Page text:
I got this job and with the bank only through PMI. I was volunteering for PMI Orange County Chapter as let’s see, I was the Director of Programs at that time. And the President of the chapter, she got to know me through my volunteering. I was unemployed for a year after I got laid off from the internet startup company. And I started to volunteer during that year for PMI. She got to know me as a volunteer, got to see my work ethic and all that, and she decided: ‘You know what? I have an opening. Would you like to come join us?’ And that’s how I got my job. So my recommendation to everybody is always the same. Volunteer for your local project management organization. I recommend volunteering for The Project Business Foundation.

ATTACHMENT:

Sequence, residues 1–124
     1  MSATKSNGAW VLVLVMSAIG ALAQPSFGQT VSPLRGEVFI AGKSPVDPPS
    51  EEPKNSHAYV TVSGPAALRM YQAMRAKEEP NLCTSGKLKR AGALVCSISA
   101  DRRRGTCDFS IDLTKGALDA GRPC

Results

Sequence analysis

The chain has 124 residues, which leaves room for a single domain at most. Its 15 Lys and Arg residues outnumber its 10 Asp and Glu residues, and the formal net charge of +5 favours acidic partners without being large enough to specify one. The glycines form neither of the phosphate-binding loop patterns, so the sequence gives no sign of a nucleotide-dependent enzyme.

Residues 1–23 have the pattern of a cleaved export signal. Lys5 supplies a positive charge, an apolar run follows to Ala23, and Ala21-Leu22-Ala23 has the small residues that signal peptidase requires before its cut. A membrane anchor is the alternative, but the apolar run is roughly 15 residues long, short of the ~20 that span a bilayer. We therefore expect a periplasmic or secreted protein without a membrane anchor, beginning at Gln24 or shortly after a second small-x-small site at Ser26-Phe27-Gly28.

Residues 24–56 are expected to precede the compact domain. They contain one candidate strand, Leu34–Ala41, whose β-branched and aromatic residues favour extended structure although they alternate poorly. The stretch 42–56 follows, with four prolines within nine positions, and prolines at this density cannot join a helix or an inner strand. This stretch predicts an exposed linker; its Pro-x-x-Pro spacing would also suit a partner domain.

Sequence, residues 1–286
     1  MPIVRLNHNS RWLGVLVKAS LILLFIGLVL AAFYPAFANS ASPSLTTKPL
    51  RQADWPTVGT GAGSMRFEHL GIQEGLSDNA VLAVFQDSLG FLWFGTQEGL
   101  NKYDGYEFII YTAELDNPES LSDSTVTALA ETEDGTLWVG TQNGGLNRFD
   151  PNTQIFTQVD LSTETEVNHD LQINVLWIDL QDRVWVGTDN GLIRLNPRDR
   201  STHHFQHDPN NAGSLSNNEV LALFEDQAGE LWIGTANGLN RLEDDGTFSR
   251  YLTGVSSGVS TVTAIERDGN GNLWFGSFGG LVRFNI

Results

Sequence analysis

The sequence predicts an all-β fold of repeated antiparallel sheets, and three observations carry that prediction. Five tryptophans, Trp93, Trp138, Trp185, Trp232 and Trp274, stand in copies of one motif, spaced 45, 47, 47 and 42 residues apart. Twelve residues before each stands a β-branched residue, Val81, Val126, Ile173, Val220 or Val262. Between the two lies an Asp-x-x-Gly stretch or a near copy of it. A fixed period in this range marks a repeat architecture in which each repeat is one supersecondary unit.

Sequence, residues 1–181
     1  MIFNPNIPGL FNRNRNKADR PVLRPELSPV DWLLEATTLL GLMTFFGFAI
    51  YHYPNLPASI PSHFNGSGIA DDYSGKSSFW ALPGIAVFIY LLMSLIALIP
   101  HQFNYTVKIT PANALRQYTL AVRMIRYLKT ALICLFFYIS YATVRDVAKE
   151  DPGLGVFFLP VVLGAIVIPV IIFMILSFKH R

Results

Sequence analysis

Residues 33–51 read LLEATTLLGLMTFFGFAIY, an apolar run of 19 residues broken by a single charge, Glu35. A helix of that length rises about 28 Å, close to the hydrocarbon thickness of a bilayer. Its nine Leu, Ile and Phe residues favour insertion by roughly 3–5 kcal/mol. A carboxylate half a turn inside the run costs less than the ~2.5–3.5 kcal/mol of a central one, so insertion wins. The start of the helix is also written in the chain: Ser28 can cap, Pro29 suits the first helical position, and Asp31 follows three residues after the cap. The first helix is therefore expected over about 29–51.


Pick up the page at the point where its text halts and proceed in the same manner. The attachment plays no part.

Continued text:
Oliver Lehmann: Thank you!
Cornelius Fichtner: You’re welcome.
Martin Berneburg: Much appreciated.
Cornelius Fichtner: And connect with your peers in that way, right? Remember, I started out in Oxford and I said: That’s really where a big foundation was laid. During that time as I was working for the bond management company, the bank in Boston, I was at a PMI event and somebody put down a flyer and said: “Why don’t you join the Toast Masters?” Toast Masters? No idea what that was. A flyer looked interesting. I spoke to the guy. Oh this is all about public speaking and communicating and all that. You know what? I’m Director of Programs. I have to all these announcements. I’ll give it a try. And that changed so much for me.